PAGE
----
.300 Weatherby Magnum
Date: Mar 12 2014
During World War II Roy Weatherby began working on a series of high velocity cartridges that would ultimately range from .22 through .45 caliber. The .300 Weatherby Magnum was one of the first, based on the .300 H&H Magnum case blown out to increase powder capacity and velocity and featured a unique double radius shoulder. Weatherby first offered proprietary .300 Weatherby Magnum ammunition in 1948, and it has been the most popular cartridge in the product line. It was originally offered in custom built (usually Mauser 98 based) rifles, but by the late 1950s it was offered in the Weatherby Mark V and eventually the Vanguard rifle series. Several other manufacturers were quick to recognize the demand and began offering rifles so chambered, including the German based Colt Sauer, Sako, FN and many others. Beginning in 1994 many Weatherby proprietary cartridges were introduced to SAAMI and became industry standardized cartridges. As a result, major U.S. companies such as Remington, Ruger and Winchester began offering rifles and several domestic (and foreign) companies now offer ammunition.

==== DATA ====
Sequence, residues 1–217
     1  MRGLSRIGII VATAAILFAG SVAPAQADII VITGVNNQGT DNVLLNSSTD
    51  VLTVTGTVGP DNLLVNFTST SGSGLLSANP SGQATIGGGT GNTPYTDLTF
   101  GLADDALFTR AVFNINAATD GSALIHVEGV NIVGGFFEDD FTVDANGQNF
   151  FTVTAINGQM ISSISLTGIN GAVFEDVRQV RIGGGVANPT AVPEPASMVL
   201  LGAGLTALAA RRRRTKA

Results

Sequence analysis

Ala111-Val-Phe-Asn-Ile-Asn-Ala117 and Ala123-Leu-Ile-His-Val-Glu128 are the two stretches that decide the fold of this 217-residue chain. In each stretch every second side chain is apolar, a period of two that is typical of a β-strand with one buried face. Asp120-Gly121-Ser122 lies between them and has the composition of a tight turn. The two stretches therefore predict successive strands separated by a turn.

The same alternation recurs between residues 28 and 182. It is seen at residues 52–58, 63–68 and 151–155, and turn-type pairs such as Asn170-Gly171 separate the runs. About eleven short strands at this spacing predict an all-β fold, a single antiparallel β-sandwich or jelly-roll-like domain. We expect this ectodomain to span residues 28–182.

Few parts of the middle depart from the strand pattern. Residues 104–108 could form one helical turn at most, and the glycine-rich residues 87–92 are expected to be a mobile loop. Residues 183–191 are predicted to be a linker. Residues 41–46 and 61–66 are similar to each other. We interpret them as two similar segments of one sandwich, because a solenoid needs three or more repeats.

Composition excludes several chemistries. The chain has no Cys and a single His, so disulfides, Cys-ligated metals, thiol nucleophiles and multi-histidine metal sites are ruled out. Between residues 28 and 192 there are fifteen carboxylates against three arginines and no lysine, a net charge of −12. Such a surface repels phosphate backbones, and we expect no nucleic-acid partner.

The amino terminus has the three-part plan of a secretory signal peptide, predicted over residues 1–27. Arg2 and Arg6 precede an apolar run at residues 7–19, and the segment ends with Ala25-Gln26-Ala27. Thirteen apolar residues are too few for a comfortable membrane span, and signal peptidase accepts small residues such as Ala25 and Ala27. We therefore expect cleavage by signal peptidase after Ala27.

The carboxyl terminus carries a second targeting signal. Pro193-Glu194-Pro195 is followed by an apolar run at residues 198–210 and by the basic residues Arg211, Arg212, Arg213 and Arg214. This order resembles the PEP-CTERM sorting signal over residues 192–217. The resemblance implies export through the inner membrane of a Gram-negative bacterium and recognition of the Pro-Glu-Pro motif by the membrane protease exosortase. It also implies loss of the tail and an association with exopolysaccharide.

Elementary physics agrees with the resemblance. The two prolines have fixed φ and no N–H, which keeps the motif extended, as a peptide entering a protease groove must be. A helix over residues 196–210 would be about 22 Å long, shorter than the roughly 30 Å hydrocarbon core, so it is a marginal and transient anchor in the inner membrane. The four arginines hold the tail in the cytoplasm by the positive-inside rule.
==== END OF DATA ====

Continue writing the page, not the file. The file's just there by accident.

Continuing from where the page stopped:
Traditional advertised velocities typically push a 150-grain bullet at 3,540 fps or a 180 grain at 3,240 fps, both from a 26-inch barrel. Weatherby currently lists 12 loads with a variety of bullets from 150 to 200 grains; velocities vary depending on bullet style. For reference, the Weatherby 180-grain SP factory load was shot in our test rifle with a 24-inch barrel and averaged 3,133 fps.
Weatherby cases, manufactured by Norma of Sweden were used to develop all of the accompanying data. They are of particularly high quality and handle loads that are approaching maximum pressure with ease. In my experience, some cases from other manufacturers manifest pressures much earlier than the Weatherby/Norma cases, which can result in premature sticky extraction.
When loaded with 150- through 220-grain bullets, the .300 Weatherby Magnum thrives on slow burning magnum rifle powders. Notable performers included Hodgdon H-4831 and H-1000; Alliant RL-22 and RL-25; IMR-7828 and IMR-4831. Large rifle magnum primers are strongly suggested to achieve reliable ignition. The current industry pressure guideline is 65,000 psi, with all loads being within that limit.